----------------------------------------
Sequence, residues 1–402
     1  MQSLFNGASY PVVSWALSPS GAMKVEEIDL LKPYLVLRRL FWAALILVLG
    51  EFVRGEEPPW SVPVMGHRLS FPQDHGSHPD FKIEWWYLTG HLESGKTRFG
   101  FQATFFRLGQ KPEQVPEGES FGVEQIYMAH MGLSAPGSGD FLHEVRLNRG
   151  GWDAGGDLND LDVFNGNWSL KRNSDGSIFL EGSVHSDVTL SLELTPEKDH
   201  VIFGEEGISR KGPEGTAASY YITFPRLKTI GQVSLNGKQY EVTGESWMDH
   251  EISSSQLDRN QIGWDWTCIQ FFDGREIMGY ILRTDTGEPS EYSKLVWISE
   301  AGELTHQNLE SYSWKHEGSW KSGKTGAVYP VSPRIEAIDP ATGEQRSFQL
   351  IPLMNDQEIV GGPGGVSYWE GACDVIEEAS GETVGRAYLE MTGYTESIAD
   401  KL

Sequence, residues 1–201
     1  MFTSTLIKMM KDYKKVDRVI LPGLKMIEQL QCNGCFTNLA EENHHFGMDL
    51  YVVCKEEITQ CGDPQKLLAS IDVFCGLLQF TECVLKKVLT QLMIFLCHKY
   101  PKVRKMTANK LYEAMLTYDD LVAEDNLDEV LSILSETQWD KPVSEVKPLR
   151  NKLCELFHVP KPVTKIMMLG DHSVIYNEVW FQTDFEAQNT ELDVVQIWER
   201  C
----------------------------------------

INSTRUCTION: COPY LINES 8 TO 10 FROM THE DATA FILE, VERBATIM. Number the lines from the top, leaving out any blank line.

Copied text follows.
   301  AGELTHQNLE SYSWKHEGSW KSGKTGAVYP VSPRIEAIDP ATGEQRSFQL
   351  IPLMNDQEIV GGPGGVSYWE GACDVIEEAS GETVGRAYLE MTGYTESIAD
   401  KL